Meta faces content moderator lawsuit in Kenya

STORY: A lawsuit was filed in Kenya on Tuesday (May 10) against Facebook owner Meta Platforms alleging that poor working conditions for contracted content moderators violate the Kenyan constitution.

The petition, also against Meta's local outsourcing company Sama, was filed by a former moderator.

It alleges moderators in Kenya have been subjected to conditions including irregular pay, inadequate mental health support, union busting and violations of their privacy and dignity.

A Meta spokesperson said the company takes "our responsibility to the people who review content for Meta seriously and require our partners to provide industry leading pay, benefits and support."

The spokesperson also said that content reviewers are encouraged to "raise issues when they become aware of them" and that independent audits are regularly conducted to "ensure our partners meet the high standards we expect".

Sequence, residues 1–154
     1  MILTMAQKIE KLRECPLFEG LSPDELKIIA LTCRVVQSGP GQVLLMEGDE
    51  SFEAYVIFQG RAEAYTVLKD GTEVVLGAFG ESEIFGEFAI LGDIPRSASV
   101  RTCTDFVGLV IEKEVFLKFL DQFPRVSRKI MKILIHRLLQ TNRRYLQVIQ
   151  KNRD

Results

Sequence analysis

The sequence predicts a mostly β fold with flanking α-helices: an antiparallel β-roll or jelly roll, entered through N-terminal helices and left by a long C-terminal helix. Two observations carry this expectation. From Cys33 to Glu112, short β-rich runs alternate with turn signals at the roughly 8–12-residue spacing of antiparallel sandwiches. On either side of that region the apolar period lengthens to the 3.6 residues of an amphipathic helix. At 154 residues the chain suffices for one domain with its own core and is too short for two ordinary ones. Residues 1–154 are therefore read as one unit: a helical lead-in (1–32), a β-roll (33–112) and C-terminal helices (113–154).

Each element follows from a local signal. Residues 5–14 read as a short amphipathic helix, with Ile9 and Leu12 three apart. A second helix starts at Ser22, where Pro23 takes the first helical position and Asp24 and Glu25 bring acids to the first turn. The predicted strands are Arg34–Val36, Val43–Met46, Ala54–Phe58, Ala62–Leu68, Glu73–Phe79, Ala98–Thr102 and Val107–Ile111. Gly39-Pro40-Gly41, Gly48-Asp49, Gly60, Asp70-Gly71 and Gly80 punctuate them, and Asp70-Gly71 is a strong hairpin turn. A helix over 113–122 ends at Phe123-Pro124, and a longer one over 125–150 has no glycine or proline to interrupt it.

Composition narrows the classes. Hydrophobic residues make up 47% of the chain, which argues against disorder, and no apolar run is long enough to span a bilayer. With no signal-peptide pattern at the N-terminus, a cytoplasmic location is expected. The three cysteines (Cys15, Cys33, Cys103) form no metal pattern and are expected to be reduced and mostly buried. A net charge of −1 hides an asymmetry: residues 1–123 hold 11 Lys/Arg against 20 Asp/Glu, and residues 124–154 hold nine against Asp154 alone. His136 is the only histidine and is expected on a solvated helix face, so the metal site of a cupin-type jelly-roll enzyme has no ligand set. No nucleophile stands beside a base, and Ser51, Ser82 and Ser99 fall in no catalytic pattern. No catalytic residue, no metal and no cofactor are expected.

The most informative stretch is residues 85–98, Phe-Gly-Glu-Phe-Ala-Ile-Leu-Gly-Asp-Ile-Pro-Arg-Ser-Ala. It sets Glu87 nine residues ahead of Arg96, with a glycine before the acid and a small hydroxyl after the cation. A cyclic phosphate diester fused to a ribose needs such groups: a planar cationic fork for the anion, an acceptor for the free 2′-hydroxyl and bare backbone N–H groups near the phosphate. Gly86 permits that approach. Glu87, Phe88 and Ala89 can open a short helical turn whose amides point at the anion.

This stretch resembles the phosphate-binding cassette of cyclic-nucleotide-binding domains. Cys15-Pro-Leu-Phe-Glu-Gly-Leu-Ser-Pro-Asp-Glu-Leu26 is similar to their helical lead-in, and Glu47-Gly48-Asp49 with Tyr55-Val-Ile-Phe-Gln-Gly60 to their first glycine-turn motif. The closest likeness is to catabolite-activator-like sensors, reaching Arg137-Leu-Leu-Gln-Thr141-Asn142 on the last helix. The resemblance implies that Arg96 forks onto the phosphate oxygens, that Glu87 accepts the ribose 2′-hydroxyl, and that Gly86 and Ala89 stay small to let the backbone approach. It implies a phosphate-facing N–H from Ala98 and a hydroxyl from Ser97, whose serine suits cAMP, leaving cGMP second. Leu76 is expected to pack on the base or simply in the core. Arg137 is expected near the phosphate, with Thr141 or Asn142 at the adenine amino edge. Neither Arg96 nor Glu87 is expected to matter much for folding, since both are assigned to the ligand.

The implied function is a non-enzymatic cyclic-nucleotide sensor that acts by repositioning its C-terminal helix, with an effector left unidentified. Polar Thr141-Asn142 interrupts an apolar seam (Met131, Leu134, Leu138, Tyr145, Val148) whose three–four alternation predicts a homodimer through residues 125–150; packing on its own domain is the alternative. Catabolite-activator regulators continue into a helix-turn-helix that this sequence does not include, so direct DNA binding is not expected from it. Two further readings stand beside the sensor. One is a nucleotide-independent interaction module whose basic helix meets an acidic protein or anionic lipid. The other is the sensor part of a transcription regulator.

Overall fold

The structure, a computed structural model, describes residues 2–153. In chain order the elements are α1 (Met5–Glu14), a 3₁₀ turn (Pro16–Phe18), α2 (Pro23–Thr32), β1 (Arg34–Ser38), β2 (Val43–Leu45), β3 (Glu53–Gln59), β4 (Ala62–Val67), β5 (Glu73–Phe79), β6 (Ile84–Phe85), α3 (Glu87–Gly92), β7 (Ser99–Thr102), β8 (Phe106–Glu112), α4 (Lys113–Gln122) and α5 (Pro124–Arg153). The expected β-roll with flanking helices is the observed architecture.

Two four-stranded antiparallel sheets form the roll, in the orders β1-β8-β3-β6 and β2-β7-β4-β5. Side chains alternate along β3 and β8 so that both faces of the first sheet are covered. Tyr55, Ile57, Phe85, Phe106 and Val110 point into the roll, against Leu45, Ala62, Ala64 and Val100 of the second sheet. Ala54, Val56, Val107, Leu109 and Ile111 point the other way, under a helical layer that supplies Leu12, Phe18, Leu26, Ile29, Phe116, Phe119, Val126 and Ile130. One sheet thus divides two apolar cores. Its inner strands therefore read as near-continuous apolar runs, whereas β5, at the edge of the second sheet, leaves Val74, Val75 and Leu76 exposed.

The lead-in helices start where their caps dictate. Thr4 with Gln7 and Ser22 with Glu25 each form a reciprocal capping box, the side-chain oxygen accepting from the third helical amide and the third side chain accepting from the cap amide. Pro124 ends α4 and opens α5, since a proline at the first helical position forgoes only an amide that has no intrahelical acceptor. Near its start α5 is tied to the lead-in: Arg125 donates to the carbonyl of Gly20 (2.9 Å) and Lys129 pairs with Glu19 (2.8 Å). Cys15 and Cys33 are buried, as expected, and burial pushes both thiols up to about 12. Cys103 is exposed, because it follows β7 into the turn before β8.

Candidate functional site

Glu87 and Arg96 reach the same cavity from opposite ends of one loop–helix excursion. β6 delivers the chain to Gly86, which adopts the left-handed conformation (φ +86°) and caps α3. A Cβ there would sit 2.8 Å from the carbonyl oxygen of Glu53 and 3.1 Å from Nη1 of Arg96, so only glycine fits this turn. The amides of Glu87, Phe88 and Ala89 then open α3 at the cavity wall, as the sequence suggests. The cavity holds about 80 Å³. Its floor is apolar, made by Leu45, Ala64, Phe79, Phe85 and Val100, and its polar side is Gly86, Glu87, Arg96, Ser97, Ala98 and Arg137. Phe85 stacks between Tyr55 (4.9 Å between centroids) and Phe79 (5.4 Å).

Sama declined to comment before seeing the lawsuit.

It has previously rejected claims its employees were paid unfairly, that the recruitment process was opaque, or that its mental health benefits were inadequate.

The lawsuit was filed on behalf of a group by Daniel Motaung - recruited in 2019 to work for Sama in Nairobi.

The first video he remembers moderating was a beheading.

As the disturbing content piled up Motaung says his pay and mental health support were inadequate.

He told Reuters that he's been diagnosed with severe PTSD and is "living in a horror movie".

At a press conference on Tuesday, Motaung’s lawyers said Meta and Sama created a dangerous and degrading environment where workers were not given the same protections as employees in other countries.

The petition seeks financial compensation, an order that outsourced moderators have the same healthcare and pay scale as Meta employees, that unionization rights be protected, and an independent human rights audit of the office.

The requests are more granular and wide-ranging than those sought in previous cases and could reverberate beyond Kenya.

Odanga Madung, a fellow at internet rights non-profit the Mozilla Foundation, said: "Facebook is going to have to reveal a lot about how they run their moderation operation".